The printed site plan for the fort at Ellingen had a more precise grid coordinate system than the plans for Vetera I (Zanier 1992, plan 1). These coordinates are included in the provenance register (Zanier 1992, 320-32) and could be incorporated in the GIS map. While the plan for Ellingen includes a site grid, this was an open-plan excavation. So, no trenches are identifiable in this plan, for which the XY coordinate of the mid-point could be generated using the script, as was the process for Vetera I. A new system for registering spatial information was required; one that would recognise and incorporate the spatial information from the provenance register. The coordinates on the printed site plan needed to correspond to the unregistered and 'floating' XY coordinates that are built into the ArcGIS program. The simplest method was to drag and re-scale the digitised site plan so that the 0-0 XY coordinate point on the plan of Ellingen was now located directly over the 0-0 point in the ArcGIS program. Once the 0-0 point was in place, the site could be re-scaled so that each 10 metre unit on the grid corresponded to the measurement of 10 metres from the ArcGIS 0-0 point, and so on. All of the features digitised onto the plan could now be spatially registered to the 0-0 point. This procedure also necessitated the editing of the projection in ArcGIS so that the units of measurement were now simply registered in metres, rather than, for example, in feet or degrees. The process for producing a coordinate system for Ellingen's artefact catalogue and digitised site map essentially meant that ArcGIS converted the numeric grid of the original plan to produce a set of pseudo-latitudinal and -longitudinal readings. These readings correlated with the coordinates in the published provenance register (Zanier 1992, 320-32) and in each entry in the artefact catalogue. A summary provenance table was generated by importing the printed provenance register into a worksheet in the spreadsheet for the artefact catalogue.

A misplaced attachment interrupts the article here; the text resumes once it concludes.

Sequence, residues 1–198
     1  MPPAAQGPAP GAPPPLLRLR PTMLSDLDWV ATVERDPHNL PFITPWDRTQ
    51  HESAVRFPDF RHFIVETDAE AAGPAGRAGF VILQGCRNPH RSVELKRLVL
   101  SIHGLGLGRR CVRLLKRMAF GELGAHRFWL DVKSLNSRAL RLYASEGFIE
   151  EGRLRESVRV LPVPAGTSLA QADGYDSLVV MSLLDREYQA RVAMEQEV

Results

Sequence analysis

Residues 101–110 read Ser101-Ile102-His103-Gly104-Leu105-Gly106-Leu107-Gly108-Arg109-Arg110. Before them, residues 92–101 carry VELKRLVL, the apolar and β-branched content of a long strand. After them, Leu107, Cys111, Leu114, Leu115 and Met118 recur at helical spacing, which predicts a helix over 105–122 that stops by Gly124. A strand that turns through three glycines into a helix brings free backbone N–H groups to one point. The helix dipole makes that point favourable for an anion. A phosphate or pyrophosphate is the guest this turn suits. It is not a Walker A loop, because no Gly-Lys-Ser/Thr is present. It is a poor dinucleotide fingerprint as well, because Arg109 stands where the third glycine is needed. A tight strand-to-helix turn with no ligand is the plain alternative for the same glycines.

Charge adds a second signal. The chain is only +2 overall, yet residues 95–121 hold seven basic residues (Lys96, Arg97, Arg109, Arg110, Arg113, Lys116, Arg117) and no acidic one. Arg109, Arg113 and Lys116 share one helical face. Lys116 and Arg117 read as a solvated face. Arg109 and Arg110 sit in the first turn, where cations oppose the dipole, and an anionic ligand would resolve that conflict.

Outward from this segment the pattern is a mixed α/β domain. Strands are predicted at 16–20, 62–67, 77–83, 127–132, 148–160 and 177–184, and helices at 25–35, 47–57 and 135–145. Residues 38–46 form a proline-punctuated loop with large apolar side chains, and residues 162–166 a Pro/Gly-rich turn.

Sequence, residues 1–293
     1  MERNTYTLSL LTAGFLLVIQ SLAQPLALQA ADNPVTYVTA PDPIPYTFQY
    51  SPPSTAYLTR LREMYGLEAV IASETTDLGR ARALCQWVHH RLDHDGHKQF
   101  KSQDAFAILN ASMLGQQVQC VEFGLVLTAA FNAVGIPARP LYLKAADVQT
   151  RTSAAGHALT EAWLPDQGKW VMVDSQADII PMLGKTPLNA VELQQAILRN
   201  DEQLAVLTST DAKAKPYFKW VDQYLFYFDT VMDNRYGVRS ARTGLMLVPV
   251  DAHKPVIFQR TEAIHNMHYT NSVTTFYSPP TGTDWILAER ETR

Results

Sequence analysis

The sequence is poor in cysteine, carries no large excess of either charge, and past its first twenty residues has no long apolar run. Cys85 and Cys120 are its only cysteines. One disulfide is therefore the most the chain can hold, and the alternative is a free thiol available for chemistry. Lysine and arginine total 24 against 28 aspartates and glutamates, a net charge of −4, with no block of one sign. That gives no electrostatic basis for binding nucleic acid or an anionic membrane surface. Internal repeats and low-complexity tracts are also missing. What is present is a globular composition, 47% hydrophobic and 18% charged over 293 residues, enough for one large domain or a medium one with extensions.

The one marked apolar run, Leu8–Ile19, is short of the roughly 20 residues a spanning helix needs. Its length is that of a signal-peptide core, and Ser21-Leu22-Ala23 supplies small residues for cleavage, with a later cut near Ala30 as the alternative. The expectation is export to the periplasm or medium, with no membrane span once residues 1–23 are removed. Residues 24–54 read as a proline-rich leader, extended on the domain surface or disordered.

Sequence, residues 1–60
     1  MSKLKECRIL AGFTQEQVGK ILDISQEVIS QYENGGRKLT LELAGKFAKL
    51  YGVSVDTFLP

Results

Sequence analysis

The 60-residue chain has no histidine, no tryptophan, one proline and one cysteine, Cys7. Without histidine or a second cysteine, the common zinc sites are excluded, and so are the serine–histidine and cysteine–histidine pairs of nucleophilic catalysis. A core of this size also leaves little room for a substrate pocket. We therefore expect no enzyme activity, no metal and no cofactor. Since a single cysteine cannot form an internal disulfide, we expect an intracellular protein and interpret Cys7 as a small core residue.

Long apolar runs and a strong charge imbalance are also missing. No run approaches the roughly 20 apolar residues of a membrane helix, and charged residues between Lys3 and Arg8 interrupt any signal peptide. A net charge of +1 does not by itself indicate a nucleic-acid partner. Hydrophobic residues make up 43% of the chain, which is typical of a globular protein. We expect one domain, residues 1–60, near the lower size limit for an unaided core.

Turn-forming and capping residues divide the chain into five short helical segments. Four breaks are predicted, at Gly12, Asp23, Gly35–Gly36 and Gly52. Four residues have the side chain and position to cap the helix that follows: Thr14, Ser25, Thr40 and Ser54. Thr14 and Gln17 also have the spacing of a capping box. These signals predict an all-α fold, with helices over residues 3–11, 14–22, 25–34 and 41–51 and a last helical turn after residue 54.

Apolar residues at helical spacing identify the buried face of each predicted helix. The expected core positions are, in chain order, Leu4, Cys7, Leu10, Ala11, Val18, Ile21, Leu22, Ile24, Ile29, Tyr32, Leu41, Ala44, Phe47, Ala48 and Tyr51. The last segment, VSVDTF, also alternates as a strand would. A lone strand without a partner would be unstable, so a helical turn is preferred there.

In the provenance register each location entry included a provenance code or unique numeric identifier; a location description according to the building, part of a building or feature; and, generally, a set of grid coordinates corresponding to those in the printed site plan. Those entries in the provenance register without coordinates were either generalised areas or referred to stray finds from the fort or vicus. The latter were often from earlier excavations and chance finds. Some numeric location identifiers in the provenance register were assigned a range of coordinates; and sometimes two numeric identifiers had the same set of XY coordinates, often because these identifiers referred to the same location but to different building phases. For those locations without coordinates, appropriate coordinates had to be compiled manually from the description of the location, or from its mid-point (e.g. the mid-point of the east part of Building C). A mid-point also had to be used where the numeric identifier had a range of coordinates in the provenance register. Stray finds, without coordinates but with a provenance code and a general location (e.g. the vicus, the north gate area, etc.), were assigned appropriate coordinates. Artefact inventory numbers were based on these provenance codes but not every catalogue entry had such an inventory number. Such cases were provided with a set of XY coordinates that plotted them together, as stray finds, outside the fort precinct in the bottom right corner of the final GIS map. Thus, further unique codes, each with an XY coordinate, were added to the provenance data table in the artefact catalogue spreadsheet, so that each actual location had a unique identifier code and each artefact in the catalogue could be plotted.